Venezuela Economy - overview

Factbook > Countries > Venezuela > Economy

Economy - overview: Venezuela remains highly dependent on oil revenues, which account for almost all export earnings and nearly half of the government’s revenue. In 2016, GDP contracted 10%, inflation hit 720%, people faced widespread shortages of consumer goods, and central bank international reserves dwindled. On the other hand, Venezuela managed to pay down its external debt and narrow its current account deficit. Domestic production and industry continues to severely underperform and the Venezuelan government continues to rely on imports to meet its basic food and consumer goods needs.

Falling oil prices since 2014 have aggravated Venezuela’s economic crisis. Insufficient access to dollars, price controls, and rigid labor regulations have led some US and multinational firms to reduce or shut down their Venezuelan operations. Market uncertainty and state oil company PDVSA’s poor cash flow have slowed investment in the petroleum sector, resulting in a decline in oil production.

Under President Nicolas MADURO, the Venezuelan Government’s response to the economic crisis has been to increase state control over the economy and blame the private sector for the shortages. MADURO has ceded increasing authority for the production and distribution of scarce goods to the military and to local socialist party member committees. The Venezuelan Government has maintained strict currency controls since 2003. On 17 February 2016, the Venezuelan Government announced a change from three official currency exchange mechanisms to only two official rates for the sale of dollars to private-sector firms and individuals, with rates based on the government's import priorities. The official exchange rate used for food and medicine imports was devalued to 10 bolivars per dollar from 6.3 bolivars per dollar. The second rate moved to a managed float. These currency controls present significant obstacles to trade with Venezuela because importers cannot obtain sufficient dollars to purchase goods needed to maintain their operations. Meting out access to the multiple exchange rates has created opportunities for arbitrage and corruption. MADURO has used decree powers to enact legislation to deepen the state’s role as the primary buyer and distributor of imports, further tighten currency controls, cap business profits, and extend price controls.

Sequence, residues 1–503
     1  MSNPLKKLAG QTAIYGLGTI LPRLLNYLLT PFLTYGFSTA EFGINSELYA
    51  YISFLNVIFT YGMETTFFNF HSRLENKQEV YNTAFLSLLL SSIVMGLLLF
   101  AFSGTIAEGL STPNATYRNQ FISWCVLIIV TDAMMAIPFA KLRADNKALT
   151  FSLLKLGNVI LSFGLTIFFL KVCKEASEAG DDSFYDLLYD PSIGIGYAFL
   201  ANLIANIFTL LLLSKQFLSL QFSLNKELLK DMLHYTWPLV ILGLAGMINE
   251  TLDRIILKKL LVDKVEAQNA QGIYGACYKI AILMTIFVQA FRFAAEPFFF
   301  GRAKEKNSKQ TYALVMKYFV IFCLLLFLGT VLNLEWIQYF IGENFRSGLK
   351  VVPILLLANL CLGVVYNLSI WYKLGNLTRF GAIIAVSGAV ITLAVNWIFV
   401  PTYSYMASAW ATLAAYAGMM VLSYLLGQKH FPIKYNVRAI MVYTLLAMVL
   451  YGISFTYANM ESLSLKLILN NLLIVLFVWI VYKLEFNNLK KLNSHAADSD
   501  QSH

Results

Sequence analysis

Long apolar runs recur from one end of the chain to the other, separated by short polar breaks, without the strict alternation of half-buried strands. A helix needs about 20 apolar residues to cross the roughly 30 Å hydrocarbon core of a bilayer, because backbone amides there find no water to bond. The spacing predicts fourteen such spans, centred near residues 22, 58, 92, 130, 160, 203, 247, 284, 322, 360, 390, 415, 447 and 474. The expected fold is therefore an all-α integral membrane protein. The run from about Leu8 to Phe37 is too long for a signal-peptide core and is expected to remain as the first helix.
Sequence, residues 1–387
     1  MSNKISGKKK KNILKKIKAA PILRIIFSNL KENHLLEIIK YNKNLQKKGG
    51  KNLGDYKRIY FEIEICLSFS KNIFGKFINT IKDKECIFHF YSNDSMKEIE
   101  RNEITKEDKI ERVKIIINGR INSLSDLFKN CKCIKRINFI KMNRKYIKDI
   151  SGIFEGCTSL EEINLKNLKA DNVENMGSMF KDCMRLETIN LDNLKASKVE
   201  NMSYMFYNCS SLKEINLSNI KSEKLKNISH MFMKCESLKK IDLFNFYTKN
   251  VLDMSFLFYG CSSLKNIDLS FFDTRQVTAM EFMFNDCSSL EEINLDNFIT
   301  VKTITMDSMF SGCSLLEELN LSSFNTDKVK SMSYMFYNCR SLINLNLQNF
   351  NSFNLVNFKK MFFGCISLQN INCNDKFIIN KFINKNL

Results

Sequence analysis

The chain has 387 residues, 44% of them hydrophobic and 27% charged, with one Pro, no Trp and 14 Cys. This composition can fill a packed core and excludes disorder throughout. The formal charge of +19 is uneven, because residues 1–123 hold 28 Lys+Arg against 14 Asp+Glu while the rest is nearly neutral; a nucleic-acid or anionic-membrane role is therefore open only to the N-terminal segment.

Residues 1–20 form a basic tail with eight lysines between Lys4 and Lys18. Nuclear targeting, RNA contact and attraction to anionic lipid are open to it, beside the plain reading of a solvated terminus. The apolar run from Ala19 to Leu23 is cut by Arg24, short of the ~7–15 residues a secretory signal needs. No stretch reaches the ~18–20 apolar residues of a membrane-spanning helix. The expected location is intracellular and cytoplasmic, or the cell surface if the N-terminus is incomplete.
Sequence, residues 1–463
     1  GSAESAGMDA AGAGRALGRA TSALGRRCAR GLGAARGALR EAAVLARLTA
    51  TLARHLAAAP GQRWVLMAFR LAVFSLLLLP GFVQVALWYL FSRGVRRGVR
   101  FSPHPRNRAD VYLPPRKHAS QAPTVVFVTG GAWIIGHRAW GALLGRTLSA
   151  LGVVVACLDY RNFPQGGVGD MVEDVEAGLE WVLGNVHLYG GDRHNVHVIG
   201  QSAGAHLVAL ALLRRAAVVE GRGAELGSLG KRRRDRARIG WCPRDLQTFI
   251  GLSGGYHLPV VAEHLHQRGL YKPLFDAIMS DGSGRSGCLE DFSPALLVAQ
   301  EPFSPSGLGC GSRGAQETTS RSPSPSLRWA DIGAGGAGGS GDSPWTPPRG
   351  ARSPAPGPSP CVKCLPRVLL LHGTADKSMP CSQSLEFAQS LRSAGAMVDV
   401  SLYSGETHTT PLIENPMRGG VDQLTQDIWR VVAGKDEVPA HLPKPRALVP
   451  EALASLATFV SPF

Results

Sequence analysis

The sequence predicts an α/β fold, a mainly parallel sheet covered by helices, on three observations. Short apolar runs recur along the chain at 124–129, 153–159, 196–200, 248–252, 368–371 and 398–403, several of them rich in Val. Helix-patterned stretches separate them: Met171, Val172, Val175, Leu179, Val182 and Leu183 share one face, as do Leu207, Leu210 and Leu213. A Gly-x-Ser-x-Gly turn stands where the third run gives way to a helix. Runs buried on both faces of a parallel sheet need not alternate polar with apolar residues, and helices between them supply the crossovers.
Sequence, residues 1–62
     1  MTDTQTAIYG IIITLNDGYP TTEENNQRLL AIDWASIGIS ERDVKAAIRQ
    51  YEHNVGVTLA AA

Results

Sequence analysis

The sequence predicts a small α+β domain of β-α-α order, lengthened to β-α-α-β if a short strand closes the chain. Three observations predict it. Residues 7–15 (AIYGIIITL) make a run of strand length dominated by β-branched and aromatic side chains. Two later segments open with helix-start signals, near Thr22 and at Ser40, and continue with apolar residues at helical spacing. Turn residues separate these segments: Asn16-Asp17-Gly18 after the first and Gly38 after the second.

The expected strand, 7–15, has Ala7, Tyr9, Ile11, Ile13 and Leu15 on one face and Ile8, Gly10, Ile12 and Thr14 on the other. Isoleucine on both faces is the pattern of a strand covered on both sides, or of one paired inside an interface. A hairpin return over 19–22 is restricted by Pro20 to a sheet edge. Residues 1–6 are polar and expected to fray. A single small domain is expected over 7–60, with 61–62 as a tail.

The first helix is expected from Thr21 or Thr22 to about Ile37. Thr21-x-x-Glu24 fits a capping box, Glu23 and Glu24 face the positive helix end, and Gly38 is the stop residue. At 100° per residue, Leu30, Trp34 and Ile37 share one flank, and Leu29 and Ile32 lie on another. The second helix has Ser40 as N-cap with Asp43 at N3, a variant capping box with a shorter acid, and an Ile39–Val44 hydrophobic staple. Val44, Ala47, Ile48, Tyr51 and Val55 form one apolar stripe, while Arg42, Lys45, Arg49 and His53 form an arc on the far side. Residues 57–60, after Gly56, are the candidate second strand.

Definition: This entry briefly describes the type of economy, including the degree of market orientation, the level of economic development, the most important natural resources, and the unique areas of specialization. It also characterizes major economic events and policy changes in the most recent 12 months and may include a statement about one or two key future macroeconomic trends.

Source: CIA World Factbook - This page was last updated on July 9, 2017

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